“The only love affair I have ever had was with music.”
The history of classical music, however, is full of fabulously gifted individuals with slightly more earthy ambitions. Love stories of classical composers are frequently retold within a romanticized narrative of sugarcoated fairy tales. To be sure, happily-ever-after stories do on rare occasions take place, but it is much more likely that classical romances lead to some rather unhappy endings. Johannes Brahms had an overriding fear of commitment, Claude Debussy drove his wife into an attempt at suicide, Francis Poulenc severely struggled with his sexual identity, and Percy Grainger was heavily into whips and bondage. And that’s only the beginning! The love life of classical composers will sometimes make you weep, or alternately shout out with joy or anguish. You might even cringe with embarrassment as we try to go beyond the usual headlines and niceties to discover the psychological makeup and the societal and cultural pressures driving these relationships. Classical composer’s love stories are not for the faint hearted; they are heightened reflections of humanity at its best and worst. Accompanying these stories of love and lust with the compositions they inspired, we are able to see composers and their relationships in a completely new light.
In his professional diary under 2 May 1841, Franz von Suppé writes, “First encounter with Therese Merville, my 1st wife.” We do know that Suppé age 22 and Merville age 25 married on 13 October 1841 in Preßburg, currently Bratislava.
On the very last Saturday of 1899, Samuel Coleridge-Taylor married Jessie Sarah Fleetwood Walmisley in a parish church at Selhurst, near Croydon, England. Just a regular wedding ceremony, I hear you say, but in reality it followed some very tense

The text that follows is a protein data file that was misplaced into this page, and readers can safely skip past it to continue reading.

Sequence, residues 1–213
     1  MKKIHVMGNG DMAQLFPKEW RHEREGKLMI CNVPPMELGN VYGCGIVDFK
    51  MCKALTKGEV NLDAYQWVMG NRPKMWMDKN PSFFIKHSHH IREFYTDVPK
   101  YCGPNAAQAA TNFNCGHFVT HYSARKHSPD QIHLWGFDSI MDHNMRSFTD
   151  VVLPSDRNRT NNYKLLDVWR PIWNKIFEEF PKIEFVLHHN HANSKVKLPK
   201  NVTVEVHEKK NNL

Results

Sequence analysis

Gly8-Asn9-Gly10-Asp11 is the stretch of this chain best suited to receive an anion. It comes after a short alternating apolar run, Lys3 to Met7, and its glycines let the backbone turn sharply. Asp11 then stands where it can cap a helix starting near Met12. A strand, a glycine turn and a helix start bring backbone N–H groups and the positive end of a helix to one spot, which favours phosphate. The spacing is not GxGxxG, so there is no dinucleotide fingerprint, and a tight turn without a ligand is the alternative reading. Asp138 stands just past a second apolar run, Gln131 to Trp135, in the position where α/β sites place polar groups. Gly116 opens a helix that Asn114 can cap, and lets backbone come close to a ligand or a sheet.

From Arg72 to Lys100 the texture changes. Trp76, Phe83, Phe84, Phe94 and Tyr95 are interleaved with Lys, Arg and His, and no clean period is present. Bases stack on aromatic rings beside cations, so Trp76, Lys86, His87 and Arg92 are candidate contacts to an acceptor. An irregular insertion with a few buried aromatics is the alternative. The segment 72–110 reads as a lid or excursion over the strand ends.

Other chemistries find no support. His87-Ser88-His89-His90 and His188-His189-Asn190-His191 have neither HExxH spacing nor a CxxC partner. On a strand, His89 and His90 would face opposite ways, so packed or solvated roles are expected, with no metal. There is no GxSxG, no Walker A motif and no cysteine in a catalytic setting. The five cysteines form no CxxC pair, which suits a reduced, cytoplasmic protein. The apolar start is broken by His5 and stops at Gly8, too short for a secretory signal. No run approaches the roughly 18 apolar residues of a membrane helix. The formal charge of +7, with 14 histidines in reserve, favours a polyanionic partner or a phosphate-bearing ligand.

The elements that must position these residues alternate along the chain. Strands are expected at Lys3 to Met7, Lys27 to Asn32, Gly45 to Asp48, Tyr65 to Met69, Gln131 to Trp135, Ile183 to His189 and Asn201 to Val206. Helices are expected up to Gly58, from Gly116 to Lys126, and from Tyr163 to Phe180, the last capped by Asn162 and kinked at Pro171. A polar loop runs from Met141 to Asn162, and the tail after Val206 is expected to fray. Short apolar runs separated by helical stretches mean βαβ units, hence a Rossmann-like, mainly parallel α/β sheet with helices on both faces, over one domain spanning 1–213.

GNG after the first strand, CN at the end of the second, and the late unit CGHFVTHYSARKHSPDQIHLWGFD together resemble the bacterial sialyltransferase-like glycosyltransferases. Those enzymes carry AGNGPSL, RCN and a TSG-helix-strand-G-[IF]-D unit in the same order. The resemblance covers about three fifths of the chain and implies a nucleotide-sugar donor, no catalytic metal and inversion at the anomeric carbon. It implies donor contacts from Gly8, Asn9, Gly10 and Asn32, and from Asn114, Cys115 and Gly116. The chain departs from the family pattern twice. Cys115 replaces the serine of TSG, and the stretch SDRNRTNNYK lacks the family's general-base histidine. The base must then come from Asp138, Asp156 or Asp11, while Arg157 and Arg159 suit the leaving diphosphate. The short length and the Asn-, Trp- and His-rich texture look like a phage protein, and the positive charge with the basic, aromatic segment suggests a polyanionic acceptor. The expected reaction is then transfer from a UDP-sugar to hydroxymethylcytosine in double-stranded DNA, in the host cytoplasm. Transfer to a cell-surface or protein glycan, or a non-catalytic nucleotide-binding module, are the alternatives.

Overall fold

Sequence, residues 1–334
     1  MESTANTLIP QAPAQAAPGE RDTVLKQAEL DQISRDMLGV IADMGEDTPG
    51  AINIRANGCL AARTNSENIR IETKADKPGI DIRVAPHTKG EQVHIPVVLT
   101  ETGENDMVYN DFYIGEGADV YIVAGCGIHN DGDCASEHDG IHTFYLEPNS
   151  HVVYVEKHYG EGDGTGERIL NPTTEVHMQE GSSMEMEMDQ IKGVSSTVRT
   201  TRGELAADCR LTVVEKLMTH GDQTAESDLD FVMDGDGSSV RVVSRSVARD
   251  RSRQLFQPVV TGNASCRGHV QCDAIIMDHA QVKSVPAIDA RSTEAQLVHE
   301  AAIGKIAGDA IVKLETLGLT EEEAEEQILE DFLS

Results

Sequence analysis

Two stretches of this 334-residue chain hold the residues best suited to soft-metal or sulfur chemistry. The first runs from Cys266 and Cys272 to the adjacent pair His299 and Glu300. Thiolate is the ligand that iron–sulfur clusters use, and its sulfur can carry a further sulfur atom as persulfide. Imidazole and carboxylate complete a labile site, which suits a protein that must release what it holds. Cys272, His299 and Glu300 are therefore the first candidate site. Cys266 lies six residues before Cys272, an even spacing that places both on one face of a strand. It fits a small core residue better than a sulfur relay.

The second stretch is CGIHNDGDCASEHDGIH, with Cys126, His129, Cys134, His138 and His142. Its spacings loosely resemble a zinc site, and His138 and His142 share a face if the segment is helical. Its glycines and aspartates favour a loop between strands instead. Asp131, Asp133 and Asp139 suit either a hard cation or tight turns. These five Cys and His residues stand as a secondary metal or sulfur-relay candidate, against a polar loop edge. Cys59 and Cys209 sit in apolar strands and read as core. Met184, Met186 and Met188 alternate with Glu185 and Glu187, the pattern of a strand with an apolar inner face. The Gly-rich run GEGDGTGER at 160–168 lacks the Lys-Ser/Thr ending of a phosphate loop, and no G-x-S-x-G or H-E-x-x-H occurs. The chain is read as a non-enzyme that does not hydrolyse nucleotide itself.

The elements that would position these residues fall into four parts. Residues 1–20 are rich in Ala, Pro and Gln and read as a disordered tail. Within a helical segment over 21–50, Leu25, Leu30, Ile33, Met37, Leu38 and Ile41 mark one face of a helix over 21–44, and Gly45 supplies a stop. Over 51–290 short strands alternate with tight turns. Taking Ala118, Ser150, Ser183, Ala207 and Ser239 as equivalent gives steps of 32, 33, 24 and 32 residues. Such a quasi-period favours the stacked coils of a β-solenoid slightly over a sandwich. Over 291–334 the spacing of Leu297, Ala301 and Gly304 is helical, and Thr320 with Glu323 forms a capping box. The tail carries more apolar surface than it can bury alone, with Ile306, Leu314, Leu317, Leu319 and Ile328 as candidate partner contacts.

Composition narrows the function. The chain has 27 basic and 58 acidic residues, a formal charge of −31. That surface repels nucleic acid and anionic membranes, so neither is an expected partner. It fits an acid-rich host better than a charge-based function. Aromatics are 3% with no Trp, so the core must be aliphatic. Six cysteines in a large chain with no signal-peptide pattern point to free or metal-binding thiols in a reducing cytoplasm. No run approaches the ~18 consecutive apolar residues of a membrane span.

Biographers have suggested that Gabriel Fauré “always retained a great affection for his wife Marie Frémiet.” She did have, it was said, a withdrawn, bitter and difficult character. Combined with Fauré’s keen sensuality and desire to please, it possibly helps
Contemporary accounts all agree that Gabriel Fauré was extraordinarily attractive. “He had a dark complexion, a somewhat distant expression of the eyes, a soft voice and gentle manner of speech that retained the rolled provincial ‘r’, and a simple and
“Harmony cannot fail to rule over their household.” On 19 April 1833 the musical magazine Bohemia published the following review of pianist Josephine Eder (1815-1868): “She treats the light and difficult parts with the same certainty, combines taste and delicacy,
Valentina Semyonovna Bergman (1846-1924) was born into a Russian merchant family of German-Jewish descent. Her parents converted to Lutheranism before she was born, and they operated a successful shop specializing in colonial wares. Valentina showed great musical promise from an
I don’t understand why a good many people think that classical music is deadly dull and boring. Many of the stories and anecdotes surrounding these exceptional expressions of human creativity could easily become box office hits at your local cinema.
Christoph Friedrich Bach was only 17 when he was unexpectedly offered the position of harpsichordist at the Court of Schaumburg-Lippe in Bückeburg. He hadn’t yet finished his musical or general education, and it took the permission of his father to